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You can now create a Purview account from the Azure Portal, choosing how much capacity you want to assign to your account. With everything in place, create the account and launch your Purview workspace from the Azure Portal. You’ll need to set up roles and accounts, ready for use, assigning roles to users in your AAD. Users can be Data Readers, Data Curators and Data Source Administrators. Most users will be readers, with access to the catalog. If they’re managing sources and metadata, make them curators. If they’re running scans, then they’re Data Source Administrators.
How to manage permissions and secrets in Purview
Before it scans your data, Purview will need to be given access to data sources. You can do this by either giving the Azure Purview managed identity access rights or by using it conjunction with credentials stored in Azure Key Vault. Both have their benefits, but if you’re using Azure best practices, you’re most likely to want to work with Key Vault secrets.
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Getting Purview configured for a first scan can take time, providing links to subscriptions and secrets, as well as configuring the service’s Azure PowerShell cmdlets. The first set of scripts checks for available data sources in each subscription, and whether the service has access rights. Not all data sources are currently supported by the Azure Purview preview, but those that are account for a significant portion of Azure’s data storage usage. And while there are very few on-premises sources for now, Microsoft is planning to significantly increase the number of supported sources.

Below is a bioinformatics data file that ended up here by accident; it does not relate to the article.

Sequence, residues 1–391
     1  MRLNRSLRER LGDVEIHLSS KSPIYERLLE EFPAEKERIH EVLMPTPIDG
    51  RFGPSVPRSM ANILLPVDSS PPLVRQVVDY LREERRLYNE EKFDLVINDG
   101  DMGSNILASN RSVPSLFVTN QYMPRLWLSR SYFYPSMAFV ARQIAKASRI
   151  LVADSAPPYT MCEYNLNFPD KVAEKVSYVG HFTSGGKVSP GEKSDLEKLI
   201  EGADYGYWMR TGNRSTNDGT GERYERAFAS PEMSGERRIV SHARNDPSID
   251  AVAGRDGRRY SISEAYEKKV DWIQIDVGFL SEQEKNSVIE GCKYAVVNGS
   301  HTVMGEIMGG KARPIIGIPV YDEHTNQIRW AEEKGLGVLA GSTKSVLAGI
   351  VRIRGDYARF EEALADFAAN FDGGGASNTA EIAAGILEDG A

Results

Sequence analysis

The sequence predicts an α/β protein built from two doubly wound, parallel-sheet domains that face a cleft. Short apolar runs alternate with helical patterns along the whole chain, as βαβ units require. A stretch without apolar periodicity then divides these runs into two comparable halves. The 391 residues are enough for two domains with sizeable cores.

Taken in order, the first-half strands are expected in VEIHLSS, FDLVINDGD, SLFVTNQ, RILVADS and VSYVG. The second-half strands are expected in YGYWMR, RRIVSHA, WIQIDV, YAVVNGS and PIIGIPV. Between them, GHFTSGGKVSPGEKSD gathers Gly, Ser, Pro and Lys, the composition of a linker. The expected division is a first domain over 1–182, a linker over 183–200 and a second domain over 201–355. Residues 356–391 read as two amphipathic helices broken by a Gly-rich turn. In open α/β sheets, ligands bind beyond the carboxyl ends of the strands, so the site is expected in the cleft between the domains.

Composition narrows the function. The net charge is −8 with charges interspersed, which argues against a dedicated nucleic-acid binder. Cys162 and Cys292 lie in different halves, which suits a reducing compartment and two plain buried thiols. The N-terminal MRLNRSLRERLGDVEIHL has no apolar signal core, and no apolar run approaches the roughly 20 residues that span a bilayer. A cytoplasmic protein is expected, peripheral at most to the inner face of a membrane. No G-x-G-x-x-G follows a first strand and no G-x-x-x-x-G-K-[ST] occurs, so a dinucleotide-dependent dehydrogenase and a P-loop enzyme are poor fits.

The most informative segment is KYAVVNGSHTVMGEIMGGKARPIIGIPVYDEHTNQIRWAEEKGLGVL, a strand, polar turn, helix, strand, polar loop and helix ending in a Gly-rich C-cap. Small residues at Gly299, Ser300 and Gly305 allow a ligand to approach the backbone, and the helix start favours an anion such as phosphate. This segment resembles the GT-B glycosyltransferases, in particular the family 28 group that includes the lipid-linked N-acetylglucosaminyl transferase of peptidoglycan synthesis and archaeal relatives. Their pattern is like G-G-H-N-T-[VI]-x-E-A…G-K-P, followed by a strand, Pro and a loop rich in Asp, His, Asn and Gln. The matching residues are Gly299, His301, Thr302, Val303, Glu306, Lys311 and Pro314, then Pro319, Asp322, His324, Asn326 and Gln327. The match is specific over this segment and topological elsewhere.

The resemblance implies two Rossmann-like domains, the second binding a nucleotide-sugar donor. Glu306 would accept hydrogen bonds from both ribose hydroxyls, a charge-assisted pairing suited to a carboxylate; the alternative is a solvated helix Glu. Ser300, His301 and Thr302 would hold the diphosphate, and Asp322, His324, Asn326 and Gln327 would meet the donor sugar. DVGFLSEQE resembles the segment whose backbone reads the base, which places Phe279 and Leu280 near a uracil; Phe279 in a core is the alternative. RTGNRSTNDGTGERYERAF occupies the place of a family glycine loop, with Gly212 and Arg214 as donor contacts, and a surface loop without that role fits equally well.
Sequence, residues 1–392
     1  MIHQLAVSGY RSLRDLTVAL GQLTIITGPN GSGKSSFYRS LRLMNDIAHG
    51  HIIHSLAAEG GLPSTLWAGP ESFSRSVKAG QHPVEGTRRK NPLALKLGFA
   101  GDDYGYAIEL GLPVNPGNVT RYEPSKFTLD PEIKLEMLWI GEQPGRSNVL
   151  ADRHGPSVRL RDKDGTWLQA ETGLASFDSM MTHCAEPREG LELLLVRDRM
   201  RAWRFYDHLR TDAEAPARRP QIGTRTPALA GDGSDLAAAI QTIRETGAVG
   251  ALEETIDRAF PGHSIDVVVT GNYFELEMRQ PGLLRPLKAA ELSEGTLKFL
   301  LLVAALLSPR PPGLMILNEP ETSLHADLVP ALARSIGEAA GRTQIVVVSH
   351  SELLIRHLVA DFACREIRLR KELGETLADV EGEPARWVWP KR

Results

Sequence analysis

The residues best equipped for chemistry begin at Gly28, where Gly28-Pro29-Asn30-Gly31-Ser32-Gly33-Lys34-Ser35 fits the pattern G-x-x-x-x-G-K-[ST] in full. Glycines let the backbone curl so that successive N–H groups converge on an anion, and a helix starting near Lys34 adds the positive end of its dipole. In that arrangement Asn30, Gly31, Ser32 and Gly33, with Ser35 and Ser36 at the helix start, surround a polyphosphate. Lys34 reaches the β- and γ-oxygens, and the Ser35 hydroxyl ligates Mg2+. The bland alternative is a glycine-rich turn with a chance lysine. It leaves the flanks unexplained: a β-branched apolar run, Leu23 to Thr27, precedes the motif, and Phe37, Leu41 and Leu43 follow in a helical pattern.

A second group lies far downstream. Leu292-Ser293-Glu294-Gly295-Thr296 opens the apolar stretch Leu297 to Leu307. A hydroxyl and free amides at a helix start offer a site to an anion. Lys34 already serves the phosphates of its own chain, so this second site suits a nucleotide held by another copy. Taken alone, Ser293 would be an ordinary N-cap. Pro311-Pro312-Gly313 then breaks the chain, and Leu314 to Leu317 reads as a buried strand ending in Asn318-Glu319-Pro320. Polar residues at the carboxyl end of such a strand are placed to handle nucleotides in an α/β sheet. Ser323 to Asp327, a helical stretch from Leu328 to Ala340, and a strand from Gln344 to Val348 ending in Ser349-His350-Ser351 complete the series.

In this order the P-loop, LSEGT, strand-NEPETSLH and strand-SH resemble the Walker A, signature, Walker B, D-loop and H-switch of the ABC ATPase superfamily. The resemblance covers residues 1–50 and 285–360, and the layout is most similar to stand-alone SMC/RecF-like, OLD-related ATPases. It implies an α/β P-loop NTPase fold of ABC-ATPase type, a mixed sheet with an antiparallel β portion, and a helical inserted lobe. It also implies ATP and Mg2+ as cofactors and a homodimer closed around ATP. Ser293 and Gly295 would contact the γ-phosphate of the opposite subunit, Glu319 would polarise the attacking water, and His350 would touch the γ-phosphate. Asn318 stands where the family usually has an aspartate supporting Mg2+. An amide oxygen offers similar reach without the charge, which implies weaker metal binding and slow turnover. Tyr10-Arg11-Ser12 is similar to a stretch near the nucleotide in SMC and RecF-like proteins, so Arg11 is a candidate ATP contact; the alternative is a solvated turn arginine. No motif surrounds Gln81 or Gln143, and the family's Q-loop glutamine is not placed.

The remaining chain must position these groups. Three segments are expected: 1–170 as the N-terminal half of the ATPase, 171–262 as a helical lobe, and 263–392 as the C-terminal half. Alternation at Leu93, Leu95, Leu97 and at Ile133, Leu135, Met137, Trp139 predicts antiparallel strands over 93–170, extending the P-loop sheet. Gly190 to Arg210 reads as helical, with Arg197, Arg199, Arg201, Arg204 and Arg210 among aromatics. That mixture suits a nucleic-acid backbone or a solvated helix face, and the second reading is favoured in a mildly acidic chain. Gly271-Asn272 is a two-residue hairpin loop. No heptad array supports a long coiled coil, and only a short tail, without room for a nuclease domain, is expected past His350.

It’s worth spending a lot of time in the Azure Purview documentation before running a scan, as configuring data sources can be complex. Register sources and run the first scan from the Data Map view in the Purview portal, making sure you have connectors for all your planned scans. As Purview can work outside Azure, you will need to be careful that you don’t accidentally expose secrets to the whole world, especially for line-of-business systems like SAP HANA or cross-cloud resources like AWS S3.
How to use Purview data
Microsoft bundles much of the Purview tooling into its Azure Purview Studio, a web front end for the service that exposes much of the resulting graph of your data sources. Automatic scans can be annotated with data protection labelling to bring your data into the familiar Microsoft data protection frameworks. There are now over 200 different classifiers built into Purview, for automated metadata generation and you can build your own custom classifiers for business- and industry-specific data.
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Under the hood is the open-source Apache Atlas platform, with APIs that support building your own applications and tools. Tools like Purview Catalog build on those APIs, so you can see how Microsoft uses them to navigate the resulting data graph, helping you decide what you want to do–and how you want to do it.
Microsoft may have initially built Purview to solve its own data governance problems, but it’s clear that the resulting tooling is suitable for anyone with a large data estate that needs to know what they’re storing. While it’s missing a way of determining who has access to that data, it gives you enough information to help determine the users and applications with access and, more importantly, ways to begin to control that access.
Control is key to effective governance and essential for regulatory compliance. With an explosion in cross-cloud, on-premises, and hybrid data storage, tools like Purview are going to be essential for CISO and CTO alike.